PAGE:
Can Fish Survive in Milk?

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Fish live in water, and skim milk is roughly 90.4% water, so could fish live, or at least respire, in milk?

A curious Redditor recently posed this simple, yet thought-provoking question to the AskScience subreddit. The simple answer is "no," but the nuanced response sheds light on how fish, and all other organisms, function.

Fish have evolved over many millions of years to survive in water with a certain amount of dissolved oxygen, acidity, and other trace molecules. So, though skim milk is nine-tenths water, it still would be entirely insufficient to support a fish for long. The differences in acidity and dissolved oxygen, not to mention all of the fat, proteins, carbohydrates, and other minerals in the milk that might clog the creature's gills, would quickly spell trouble. The animal would likely die within minutes, if not sooner.

If you think about it, skim milk is essentially just heavily polluted water. And even relatively mild pollution can bring about massive fish kills.

This skim milk hypothetical demonstrates why manmade climate change could be disastrous for ocean life. As the ocean heats up, it holds less dissolved oxygen, and as it absorbs more carbon dioxide, it grows more acidic. Both changes disrupt the delicate environmental balance that fish and other marine organisms rely upon to thrive.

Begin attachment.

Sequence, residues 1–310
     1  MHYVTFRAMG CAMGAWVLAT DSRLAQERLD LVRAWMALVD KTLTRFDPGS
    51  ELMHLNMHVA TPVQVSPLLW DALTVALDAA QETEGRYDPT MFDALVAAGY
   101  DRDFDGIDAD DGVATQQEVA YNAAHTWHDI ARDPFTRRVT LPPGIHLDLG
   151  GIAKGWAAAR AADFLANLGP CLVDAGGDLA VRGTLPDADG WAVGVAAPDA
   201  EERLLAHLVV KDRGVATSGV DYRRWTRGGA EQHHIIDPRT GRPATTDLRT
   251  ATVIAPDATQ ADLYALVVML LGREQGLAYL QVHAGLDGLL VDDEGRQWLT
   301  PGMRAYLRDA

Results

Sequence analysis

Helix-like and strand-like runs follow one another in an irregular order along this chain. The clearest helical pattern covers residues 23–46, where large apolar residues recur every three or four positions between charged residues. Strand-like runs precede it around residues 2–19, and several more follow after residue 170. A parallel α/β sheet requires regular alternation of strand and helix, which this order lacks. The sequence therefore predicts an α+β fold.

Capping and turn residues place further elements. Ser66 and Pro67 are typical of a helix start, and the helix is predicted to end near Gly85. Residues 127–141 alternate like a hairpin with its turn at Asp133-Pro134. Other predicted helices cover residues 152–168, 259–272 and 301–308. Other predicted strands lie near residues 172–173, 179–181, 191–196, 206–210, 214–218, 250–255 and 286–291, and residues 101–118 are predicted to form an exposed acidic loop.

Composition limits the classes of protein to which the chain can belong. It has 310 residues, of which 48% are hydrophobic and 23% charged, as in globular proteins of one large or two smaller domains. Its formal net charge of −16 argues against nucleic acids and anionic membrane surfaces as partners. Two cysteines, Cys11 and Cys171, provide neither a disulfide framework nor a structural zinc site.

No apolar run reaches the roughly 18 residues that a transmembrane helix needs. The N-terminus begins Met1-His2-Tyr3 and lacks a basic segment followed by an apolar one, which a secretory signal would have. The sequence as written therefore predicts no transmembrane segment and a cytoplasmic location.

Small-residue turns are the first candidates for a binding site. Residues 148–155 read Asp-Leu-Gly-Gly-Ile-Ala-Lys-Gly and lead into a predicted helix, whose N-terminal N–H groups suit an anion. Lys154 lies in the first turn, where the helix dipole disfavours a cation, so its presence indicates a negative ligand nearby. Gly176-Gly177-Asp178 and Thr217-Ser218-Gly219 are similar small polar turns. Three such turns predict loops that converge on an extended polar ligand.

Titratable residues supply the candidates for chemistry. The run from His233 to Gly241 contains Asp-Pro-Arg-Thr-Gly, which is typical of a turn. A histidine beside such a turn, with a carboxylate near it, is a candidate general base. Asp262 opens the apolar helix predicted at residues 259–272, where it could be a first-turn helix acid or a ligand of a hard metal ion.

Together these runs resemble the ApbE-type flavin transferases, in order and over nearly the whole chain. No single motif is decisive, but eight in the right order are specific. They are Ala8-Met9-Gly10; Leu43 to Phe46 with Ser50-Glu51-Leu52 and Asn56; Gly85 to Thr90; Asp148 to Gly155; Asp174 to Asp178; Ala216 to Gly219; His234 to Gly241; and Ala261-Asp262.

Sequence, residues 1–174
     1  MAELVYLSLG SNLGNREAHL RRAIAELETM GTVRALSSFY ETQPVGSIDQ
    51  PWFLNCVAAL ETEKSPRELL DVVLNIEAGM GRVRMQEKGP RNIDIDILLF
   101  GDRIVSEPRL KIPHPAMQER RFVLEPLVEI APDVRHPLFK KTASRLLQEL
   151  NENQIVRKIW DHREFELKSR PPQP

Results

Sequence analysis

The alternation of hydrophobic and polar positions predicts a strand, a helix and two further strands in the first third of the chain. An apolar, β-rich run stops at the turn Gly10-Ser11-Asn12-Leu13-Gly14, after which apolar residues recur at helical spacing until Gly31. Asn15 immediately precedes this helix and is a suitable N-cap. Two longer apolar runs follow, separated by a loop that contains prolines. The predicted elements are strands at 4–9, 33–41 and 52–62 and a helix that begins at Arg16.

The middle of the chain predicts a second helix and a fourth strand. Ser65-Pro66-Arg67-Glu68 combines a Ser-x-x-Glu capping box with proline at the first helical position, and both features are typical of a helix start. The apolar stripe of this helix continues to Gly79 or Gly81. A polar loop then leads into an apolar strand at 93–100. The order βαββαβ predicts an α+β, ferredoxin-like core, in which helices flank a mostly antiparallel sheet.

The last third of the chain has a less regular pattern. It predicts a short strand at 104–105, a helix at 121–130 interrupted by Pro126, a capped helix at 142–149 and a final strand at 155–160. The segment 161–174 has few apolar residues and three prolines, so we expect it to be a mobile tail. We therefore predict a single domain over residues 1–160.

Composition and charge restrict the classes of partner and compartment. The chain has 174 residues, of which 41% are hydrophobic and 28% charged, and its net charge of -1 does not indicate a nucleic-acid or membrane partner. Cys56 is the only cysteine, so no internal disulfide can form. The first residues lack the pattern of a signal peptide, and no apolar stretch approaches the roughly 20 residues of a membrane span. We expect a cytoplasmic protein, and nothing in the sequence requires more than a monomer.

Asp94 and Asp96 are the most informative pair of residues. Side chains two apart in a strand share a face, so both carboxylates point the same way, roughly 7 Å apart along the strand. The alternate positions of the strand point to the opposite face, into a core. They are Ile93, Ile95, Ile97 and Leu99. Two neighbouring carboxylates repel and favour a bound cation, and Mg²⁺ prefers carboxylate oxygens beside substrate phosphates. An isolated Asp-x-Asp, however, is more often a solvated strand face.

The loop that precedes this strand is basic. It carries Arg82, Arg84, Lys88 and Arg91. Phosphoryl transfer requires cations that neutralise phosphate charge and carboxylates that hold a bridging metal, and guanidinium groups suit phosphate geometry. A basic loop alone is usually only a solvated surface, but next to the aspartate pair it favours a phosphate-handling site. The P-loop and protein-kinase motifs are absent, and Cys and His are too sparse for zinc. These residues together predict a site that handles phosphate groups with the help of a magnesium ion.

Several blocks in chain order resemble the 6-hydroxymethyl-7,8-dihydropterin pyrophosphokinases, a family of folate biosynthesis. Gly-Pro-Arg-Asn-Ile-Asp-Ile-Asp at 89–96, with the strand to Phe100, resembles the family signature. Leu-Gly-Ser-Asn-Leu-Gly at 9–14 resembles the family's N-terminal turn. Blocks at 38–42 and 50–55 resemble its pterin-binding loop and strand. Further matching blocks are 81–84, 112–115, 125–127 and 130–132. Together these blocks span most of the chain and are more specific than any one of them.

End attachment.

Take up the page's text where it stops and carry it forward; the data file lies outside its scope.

Expecting a fish to live in milk or a drastically altered ocean is like expecting a human to thrive on Mars. Sure, Mars' atmosphere contains oxygen, but the concentration is insufficient to supply our cells with the amount they need to create energy.

Humans also couldn't live in an environment with a significantly higher oxygen concentration, either. Earth's atmosphere is a pleasing mixture of mostly inert Nitrogen (78%) and reactive oxygen (21%), plus trace amounts of other elements, and it's what all land-dwelling life is used to. As Jane Hawke explained at BBC Science Focus Magazine:

Our blood has evolved to capture the oxygen we breathe in and bind it safely to the transport molecule called haemoglobin. If you breathe air with a much higher than normal O2 concentration, the oxygen in the lungs overwhelms the blood’s ability to carry it away.

The result is that free oxygen binds to the surface proteins of the lungs, interferes with the operation of the central nervous system and also attacks the retina.

Air for us is like water for fish. Change it too much (or turn it into milk), and we'd be goners.

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